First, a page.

How to Lose Weight and Keep it off (for good!)

how to lose weight and keep it offNEWSFLASH! Scientists at the University of Melbourne made news recently when they announced that, contrary to popular belief, crash diets work just as well as more mainstream approaches.

Specifically, they found that people trying to lose weight on a 1500 calorie weight loss diet plan were more likely to get to their target weight than steady dieters, but that three years later both groups were equally as likely to have regained most of the weight. So, how do you come off a diet and not regain the weight? Here’s how. (Note: If you need to lose weight first, click here)


make this it. Relearn how to pay attention to hunger and fullness signals and act on those appropriately. But also you before you decide to eat anything ask yourself, ‘What will this food feel like in my body?’ Imagine how it will make your body and mind feel afterwards. If the answer is tired, full, sluggish, guilty or any other negative feeling, don’t eat it. If every food you consume gives you energy and nourishment and makes you feel positive, you’ll find maintaining weight easier.


If you don’t already know about the power of protein, research from New Zealand’s Massey University will make you sit up and take notice. They found that we eat more food and kilojoules overall if our daily protein needs aren’t met. It’s common knowledge that after you lose weight your body tries to take you back to the weight you were before by increasing levels of the hormone that makes us feel hungry and decreases those like leptin that make us feel full. Protein is satiating and therefore can help counteract some of this appetite increase. Have a palm-sized portion of meat, fish, eggs, dairy or plant proteins like beans, lentils or tofu at each meal.


Once you’ve lost weight your body subconsciously reduces the amount of fidgeting and incidental exercise you do so you burn fewer kilojoules. Counteract that by getting a pedometer, or a step-measuring app, and making a conscious effort to reach at least 10,000 steps daily. But do them briskly. University of Utah researchers investigating the correlation between how much people moved and how well they controlled their weight, found that every extra minute a day of higher intensity exercise someone did reduced their chance of being obese by five percent. Higher intensity exercise includes things like brisk walking or going up and down stairs.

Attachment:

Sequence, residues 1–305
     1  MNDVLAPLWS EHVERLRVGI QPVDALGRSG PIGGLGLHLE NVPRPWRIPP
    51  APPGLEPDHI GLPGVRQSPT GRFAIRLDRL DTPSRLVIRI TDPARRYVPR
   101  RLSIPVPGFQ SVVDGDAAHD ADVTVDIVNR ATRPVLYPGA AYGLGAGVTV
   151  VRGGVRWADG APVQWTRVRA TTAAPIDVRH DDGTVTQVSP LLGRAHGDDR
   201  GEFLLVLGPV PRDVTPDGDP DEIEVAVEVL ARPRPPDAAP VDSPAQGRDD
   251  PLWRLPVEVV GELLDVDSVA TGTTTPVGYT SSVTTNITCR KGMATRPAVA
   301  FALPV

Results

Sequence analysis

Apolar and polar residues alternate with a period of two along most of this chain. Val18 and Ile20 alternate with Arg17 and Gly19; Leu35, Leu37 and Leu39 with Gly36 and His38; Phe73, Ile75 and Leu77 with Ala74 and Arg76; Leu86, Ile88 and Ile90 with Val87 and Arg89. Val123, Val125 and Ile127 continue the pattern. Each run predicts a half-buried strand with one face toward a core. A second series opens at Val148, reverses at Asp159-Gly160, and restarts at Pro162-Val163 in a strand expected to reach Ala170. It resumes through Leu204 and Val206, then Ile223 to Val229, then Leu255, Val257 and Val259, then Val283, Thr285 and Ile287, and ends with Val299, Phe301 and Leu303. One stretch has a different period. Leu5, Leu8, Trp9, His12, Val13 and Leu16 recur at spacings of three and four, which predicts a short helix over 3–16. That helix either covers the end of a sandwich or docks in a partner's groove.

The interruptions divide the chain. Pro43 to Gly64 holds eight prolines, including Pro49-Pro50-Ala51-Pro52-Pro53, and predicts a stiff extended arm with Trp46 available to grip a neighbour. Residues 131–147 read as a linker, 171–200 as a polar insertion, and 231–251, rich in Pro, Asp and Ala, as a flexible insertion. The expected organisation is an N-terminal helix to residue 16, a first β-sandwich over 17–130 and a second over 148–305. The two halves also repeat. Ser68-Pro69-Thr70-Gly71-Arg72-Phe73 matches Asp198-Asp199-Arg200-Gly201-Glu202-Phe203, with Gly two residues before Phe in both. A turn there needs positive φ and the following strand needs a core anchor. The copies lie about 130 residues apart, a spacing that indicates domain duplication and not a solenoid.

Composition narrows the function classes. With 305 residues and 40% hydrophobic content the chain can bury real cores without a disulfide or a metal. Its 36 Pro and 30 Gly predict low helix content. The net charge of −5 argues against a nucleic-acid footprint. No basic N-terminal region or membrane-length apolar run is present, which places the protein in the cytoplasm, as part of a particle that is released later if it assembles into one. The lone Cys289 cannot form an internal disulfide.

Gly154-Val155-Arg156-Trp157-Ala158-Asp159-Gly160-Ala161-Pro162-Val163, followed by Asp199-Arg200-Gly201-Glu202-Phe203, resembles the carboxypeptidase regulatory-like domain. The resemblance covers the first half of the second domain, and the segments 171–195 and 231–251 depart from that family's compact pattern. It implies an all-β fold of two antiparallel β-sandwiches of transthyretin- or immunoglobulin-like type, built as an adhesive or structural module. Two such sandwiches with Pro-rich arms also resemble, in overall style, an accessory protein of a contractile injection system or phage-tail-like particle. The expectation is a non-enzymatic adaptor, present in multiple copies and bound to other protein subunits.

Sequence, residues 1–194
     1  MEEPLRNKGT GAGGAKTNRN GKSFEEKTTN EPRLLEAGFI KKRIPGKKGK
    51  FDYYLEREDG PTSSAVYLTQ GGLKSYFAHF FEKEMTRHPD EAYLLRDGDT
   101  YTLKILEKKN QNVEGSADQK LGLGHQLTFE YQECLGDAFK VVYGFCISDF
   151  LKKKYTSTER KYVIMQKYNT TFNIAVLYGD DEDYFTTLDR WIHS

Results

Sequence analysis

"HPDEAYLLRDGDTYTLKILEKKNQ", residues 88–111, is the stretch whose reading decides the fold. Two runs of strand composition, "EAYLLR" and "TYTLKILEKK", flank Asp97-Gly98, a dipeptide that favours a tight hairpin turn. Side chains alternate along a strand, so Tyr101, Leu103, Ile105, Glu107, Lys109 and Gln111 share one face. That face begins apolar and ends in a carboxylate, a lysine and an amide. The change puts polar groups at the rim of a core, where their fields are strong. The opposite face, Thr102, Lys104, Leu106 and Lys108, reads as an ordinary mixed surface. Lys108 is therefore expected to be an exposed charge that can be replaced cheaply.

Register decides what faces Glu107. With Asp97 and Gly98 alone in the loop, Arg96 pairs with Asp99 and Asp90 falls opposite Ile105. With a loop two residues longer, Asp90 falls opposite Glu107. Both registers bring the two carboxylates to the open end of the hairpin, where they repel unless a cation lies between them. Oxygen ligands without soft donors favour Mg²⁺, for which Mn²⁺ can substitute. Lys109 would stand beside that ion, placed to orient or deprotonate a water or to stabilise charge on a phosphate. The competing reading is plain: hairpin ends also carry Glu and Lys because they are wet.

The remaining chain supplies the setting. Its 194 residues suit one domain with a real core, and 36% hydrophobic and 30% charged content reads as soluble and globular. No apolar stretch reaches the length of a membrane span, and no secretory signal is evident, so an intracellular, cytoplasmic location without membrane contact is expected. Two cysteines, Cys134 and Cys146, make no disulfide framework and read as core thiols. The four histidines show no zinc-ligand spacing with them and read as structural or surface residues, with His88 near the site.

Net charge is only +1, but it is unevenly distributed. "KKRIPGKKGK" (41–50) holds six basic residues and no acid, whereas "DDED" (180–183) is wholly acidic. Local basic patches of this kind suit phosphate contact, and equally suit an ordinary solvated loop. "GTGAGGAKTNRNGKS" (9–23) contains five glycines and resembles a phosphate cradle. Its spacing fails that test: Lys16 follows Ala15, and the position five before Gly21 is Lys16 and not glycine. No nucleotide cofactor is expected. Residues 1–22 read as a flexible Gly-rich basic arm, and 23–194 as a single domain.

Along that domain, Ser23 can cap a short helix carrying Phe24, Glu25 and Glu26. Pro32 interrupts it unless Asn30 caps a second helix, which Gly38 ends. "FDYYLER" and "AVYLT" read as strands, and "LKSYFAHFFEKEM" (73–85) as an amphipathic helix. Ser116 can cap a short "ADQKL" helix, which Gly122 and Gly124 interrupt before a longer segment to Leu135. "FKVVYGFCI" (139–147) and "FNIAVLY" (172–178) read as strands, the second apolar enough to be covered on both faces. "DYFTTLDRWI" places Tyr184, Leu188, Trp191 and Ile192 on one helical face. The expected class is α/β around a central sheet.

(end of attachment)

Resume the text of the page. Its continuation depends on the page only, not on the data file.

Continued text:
This is a tip from the super-successful weight loss eating plan, The 3 Week Diet (see our review here). On this diet you reduce your kilojoule intake over the period of three weeks, eating sensibly the rest of the time. Once you’ve achieved your weight loss goal, don’t give up the idea completely, stick with it once a week. Not only does this help reduce kilojoules over the week, helping maintain weight loss, it helps you accept that control is something you need to do long-term to sustain things. You don’t need to be fasting to use the top, though. Going back on any healthy eating plan a week or two will help you break bad habits that are slipping in and remind you of how far you’ve come and what it takes to stay there.


If you’re eating out of boredom, not hunger, you will overeat. Try and create a full, enriched life. A fulfilled mind focuses less on the negative and it sees solutions not problems. This means next time you’re faced with something that might sabotage your weight loss maintenance efforts you’ll find it easier to find a way out.


Weigh yourself weekly and if you do get to a point where your weight increases by 3 percent – or 5kg, whichever comes first – then go back on your diet plan for two weeks, or as long as it takes to get back to the weight you are aiming for. You may have to do this a few times a year to maintain things. That’s not a failure, it’s just an adaptation to your new body. Each time though, really try and focus on what went wrong and learn from those mistakes. If you do that, eventually the yo-yo’ing will stop.


Every kilo you lose reduces the amount of energy your body burns day to day. So after losing weight you simply can’t eat as much as you did before and stay the same weight. Not to mention that whatever you were eating before was what triggered the weight gain in the first place. Don;t just relax back into your old habits, eat small servings and focus your diet around mostly low-kilojoule foods like fruit, vegetables and lean meats.


Knowing you’re going to have setbacks is one of the most important things to remember. If you expect to be able to maintain your weight and eating habits perfectly all the time you put pressure on yourself that can lead to ‘all or nothing’ behaviors that cause weight gain. So, when setbacks happen, don’t beat yourself up – learn from experience. Try and spot your vulnerabilities – such as if you eat more when you’re stressed – and start developing strategies to counteract them.